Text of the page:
Criticism | Mortal Kombat – Reboot gives Game Over the fun

The worst possible feeling you can get after a ‘Mortal Kombat’ movie is: “wow, it’s finally over”. Now, a movie based on one of the most popular video games of all time should at least be fun. It’s been almost 30 years since the first game launched and over that time ‘Mortal Kombat’ has been responsible for hours of fun with friends, many tokens lost in the arcade, and a few bubbles on the finger squeezing the controllers. of game.

So yes, when Warner announced the new project, produced by James Wan and free to work on an age rating for people over 18, everything suggested that it was time for ‘Mortal Kombat again. ‘in theaters. But the result is just as frustrating as missing the fatality combo on the last hit. Let’s think of the movie as if it were one of those combinations: back, down, down, forward, punch.

Return – It’s impossible not to want to compare yourself to the film directed by Paul WS Anderson in 1995. The first “Mortal Kombat” was a box office success, raising over $ 120 million and becoming a darling of the TV reruns. To date, the film is considered one of the best adaptations of electronic games for the big screen and that is largely due to the style the director puts on screen. The choreographies of the fights are pure juice from the 1990s, directly referring to films with Van-Damme and Chuck Norris, for example. The cast included Christopher Lambert (over 1990, impossible), Bridgette Wilson, Robin Shou, and Cary-Hiroyuki Tagawa, immortalized as Shang Tsung.

Bass – What makes the success of the 1995 film and the new release a disappointment is quite simply what “Mortal Kombat” has always been: fun. No one has billed the games for a great script or a great story, although the latest versions have gone to great lengths to create it. The fights and the “MY GOD” moments of combos, fatalities and brutalities, were enough to bring a smile to the players. And it’s sad how the trailer for the new movie, which was revealed a few months ago, managed to give us hope that this would happen. However, basically all of the “cool” scenes from the movie are there. Outside of them, the new ‘Mortal Kombat’ attempts to fill the many spaces without struggles, with a story full of ‘chosen ones’ who must unite to fight evil. Again, the story would be the least here, as long as it was balanced with some cool fights and characters, at least, cool to see.

Weak – And if the cast hit in 1995, the new movie is one of its weakest spots. It’s amazing how wrong the cast is. With the exception of Hiroyuki Sanada, who plays Scorpion, almost everyone else performs poorly. Lewis Tan is Cole Young, a new character who has a connection to the yellow ninja, but lacks charisma and doesn’t convince him as the great fighter he should be. The same goes for Sonya Blade, made by Jessica McNamee. Tadanobu Asano and Chin Han are almost disrespectful of what one would expect from two of MK’s strongest characters, Lord Raiden and Shang Tsung, respectively. Kano, played by Josh Lawson, is so unbearable I just wanted someone to finish him soon. If there are two characters to mention here, they are Liu Kang (Ludi Lin) and Kung Lao (Max Huang). And that’s because they’re exactly what you’d expect from a movie like this: fan services with game-like poses, cheesy faces and mouths, and cool martial arts choreography.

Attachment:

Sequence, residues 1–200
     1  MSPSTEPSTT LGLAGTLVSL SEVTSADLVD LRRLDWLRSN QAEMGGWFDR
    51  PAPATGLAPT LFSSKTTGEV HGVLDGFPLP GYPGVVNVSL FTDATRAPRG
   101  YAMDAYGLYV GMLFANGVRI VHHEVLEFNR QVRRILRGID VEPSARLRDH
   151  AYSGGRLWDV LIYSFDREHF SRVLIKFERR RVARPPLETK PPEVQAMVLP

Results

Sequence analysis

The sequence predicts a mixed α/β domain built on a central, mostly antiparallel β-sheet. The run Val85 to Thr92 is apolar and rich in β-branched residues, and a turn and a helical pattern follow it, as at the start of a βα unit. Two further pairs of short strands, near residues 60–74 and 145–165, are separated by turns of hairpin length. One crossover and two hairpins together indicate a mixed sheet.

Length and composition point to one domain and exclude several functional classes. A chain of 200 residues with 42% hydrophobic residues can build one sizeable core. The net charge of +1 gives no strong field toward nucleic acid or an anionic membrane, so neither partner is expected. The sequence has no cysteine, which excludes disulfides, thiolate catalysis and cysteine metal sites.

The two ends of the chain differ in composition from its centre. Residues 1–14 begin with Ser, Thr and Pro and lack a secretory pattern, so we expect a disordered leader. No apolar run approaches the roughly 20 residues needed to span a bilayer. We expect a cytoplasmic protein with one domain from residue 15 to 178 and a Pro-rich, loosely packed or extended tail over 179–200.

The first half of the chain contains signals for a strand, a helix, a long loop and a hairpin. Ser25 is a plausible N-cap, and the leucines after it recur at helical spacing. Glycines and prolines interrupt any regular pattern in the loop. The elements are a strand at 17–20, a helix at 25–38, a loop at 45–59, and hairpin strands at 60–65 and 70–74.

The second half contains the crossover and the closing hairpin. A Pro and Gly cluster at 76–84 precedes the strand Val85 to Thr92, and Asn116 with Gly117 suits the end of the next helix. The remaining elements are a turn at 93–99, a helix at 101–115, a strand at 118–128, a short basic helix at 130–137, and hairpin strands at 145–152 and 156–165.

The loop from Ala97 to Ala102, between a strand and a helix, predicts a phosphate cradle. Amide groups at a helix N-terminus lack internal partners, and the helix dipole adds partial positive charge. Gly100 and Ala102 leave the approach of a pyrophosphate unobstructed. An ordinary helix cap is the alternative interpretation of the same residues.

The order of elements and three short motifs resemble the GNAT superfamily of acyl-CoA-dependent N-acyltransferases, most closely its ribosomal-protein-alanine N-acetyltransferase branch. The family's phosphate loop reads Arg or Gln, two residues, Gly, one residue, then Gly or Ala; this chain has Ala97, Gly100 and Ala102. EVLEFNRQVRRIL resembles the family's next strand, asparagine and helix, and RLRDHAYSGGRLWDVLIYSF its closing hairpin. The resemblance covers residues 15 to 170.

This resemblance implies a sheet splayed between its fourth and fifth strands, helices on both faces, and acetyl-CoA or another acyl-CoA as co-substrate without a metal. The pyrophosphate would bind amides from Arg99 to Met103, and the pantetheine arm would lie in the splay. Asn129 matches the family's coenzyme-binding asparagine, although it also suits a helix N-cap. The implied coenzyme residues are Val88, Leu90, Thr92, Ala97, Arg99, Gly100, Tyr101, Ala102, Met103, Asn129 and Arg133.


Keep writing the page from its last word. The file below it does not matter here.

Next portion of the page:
Enjoy watching:

Before – Actually, the really cool parts of ‘Mortal Kombat’ are fan service for those who love games or have played before. It is the references to the various characters of the franchise throughout the story that finally make us enjoy the production. Sonya Blade’s hideout scene deserves a break to better analyze these clippings stuck to the wall. The same goes for the clothes and characterizations of the characters. The armors of Sub-Zero, Scorpion and Kabal are a show apart. As well as the costumes of Kang and Lao. Other fan services that will appeal are some classic character shots, especially the one from Kung Lao, which I have to admit: I said “there yes!”, Out loud.

Punch – And then we came to what really disappointed me about ‘Mortal Kombat’: the fights. It’s amazing that we live in a time where ‘John Wick’ rockets us with Keanu Reeves beating 50 fat guys, that we’re excited about the trailer for ‘Shang-Chi’ to promise a Kung- Fu cool or even love the fights of a drawing like “Raya and the last dragon”, but one cannot vibrate with the fights of “Mortal Kombat”! Other than the footage already seen in the trailer between Sub-Zero and Scorpion, there is NONE other that is exciting. Whether on the screen, since they are all short and perforated, or in the choreographies, they are all frustrating. When the “tournament” really started I was excited and thought that from there we would have the famous “Round 1. Fight!” with cool fights. It was the least one could expect from MK: well executed and violent choreography. However, what we earn the most are fucks, digital blood, and no inspiration.

Well, as you can see at the end of this combo nothing happened. In fact, it lacked a button to highlight the film’s very weak CGI effects. The production, like in the games, feels like an already stunned fighter, ready to be finished, having been beaten for his 110 minutes. The frustration of another weak movie game adaptation coupled with the disappointment of a movie that promised to be so cool for ‘Mortal Kombat’ are perfect for a Game Over at the end. But knowing Hollywood, someone already put in another plug-in before the end of Continue. Hopefully a better player will take control of the joystick this time around.

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